“Let us consider two important factors, the two poles of the creation of art: the artist on the one hand, and on the other the spectator who later becomes the posterity.” Marcel Duchamp 1957.
Duchamp planned all his artwork: he made copious notes, sketches, models, maquettes, and trial assemblages; he carefully archived planning material, not only for his own reference but also for what he called “the posterity”. He also meticulously and assiduously planned for art after death: throughout the last twenty years of his life he worked secretly on conceiving, sourcing and fabricating materials for, and trialing assembly of, an installation work.Duchamp died in 1968 and, following his directions and instructions, his named trustees assembled and exhibited the work at its intended location in 1969. The Philadelphia Museum of Art continues to own and show this now iconic posthumous work, Étant donnés, 1946-66, through which Duchamp posthumously delivers the completion of his artistic explorations.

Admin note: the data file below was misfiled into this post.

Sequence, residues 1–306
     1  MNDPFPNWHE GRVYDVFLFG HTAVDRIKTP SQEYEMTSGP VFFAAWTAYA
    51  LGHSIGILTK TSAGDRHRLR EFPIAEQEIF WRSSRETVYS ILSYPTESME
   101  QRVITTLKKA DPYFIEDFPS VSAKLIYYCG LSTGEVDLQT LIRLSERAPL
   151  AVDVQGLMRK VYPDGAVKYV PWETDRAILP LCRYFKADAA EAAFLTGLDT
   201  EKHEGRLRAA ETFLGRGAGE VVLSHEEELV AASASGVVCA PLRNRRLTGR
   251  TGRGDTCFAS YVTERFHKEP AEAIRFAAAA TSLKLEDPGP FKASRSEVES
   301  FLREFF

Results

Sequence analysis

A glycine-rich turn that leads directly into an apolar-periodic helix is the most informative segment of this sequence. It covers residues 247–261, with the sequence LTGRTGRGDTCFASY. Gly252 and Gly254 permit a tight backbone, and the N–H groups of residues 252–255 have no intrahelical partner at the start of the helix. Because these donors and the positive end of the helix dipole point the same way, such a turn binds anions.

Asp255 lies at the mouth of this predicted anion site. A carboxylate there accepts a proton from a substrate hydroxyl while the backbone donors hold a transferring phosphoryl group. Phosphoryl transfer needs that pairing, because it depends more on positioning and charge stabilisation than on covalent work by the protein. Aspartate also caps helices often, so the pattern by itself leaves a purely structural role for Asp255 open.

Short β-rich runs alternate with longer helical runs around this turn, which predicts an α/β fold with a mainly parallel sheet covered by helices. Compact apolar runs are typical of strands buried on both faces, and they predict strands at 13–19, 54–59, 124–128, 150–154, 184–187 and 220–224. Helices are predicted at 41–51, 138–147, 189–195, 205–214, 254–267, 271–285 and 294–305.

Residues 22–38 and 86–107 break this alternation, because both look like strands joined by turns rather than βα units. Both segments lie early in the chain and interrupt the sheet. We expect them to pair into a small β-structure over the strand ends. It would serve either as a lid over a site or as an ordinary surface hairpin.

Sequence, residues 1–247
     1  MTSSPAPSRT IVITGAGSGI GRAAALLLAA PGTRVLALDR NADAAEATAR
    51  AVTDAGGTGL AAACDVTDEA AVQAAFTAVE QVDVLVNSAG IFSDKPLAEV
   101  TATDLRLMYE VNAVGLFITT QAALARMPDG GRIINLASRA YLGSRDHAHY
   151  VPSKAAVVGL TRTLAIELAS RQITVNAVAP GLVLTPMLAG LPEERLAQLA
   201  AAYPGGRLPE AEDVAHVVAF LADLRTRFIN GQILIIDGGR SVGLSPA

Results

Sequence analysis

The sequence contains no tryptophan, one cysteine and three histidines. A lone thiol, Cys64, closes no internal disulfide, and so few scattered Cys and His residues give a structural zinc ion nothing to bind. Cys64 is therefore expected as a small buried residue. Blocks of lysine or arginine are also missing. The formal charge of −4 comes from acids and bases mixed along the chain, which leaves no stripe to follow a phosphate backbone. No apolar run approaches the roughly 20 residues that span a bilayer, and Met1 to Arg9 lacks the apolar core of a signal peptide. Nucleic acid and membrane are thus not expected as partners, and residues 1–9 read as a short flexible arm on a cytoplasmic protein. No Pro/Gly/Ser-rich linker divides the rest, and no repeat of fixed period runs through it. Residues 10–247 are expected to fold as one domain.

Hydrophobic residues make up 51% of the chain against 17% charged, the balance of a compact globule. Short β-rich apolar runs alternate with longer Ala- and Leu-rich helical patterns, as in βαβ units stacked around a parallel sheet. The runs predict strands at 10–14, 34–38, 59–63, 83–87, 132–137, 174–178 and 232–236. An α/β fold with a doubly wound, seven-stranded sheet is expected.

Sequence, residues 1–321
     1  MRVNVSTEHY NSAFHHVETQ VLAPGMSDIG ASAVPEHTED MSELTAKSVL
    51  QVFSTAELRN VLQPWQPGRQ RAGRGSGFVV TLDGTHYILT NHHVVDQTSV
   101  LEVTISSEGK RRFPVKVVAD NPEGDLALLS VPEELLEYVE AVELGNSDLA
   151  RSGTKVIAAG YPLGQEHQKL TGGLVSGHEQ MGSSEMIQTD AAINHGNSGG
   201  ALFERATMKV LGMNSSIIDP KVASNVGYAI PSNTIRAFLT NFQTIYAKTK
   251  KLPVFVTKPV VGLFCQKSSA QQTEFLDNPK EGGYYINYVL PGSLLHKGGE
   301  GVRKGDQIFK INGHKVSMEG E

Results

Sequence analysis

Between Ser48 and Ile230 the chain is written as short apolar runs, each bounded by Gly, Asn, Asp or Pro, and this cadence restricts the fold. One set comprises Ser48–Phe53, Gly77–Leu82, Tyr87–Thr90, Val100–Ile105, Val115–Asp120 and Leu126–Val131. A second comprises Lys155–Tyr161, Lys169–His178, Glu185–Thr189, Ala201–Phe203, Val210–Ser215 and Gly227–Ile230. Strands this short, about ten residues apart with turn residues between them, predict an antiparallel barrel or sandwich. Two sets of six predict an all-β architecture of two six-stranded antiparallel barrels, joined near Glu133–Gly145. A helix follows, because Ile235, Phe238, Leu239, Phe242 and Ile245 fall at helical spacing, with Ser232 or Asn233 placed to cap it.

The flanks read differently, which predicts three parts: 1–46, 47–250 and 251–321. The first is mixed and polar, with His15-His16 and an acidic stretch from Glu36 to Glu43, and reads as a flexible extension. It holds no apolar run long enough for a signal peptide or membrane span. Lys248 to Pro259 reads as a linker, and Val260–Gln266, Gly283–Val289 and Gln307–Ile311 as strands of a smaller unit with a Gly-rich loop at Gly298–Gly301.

Most artists give little if any thought to posterity. The job of artists’ future estate executors and administrators could be greatly facilitated by living artists embracing within their practices, from the outset of their careers, straightforward and undemanding planning measures.
This session explores key issues involved in and arising from the death of an artist, which practicing artists – regardless of their artistic skill, market or critical value – may find stimulating and useful during their working lives: contracts for sale and for lending, including the licensing of public showings of their works.
© Henry Lydiate 2015
Access a pdf version of the Power Point shown during the talk here.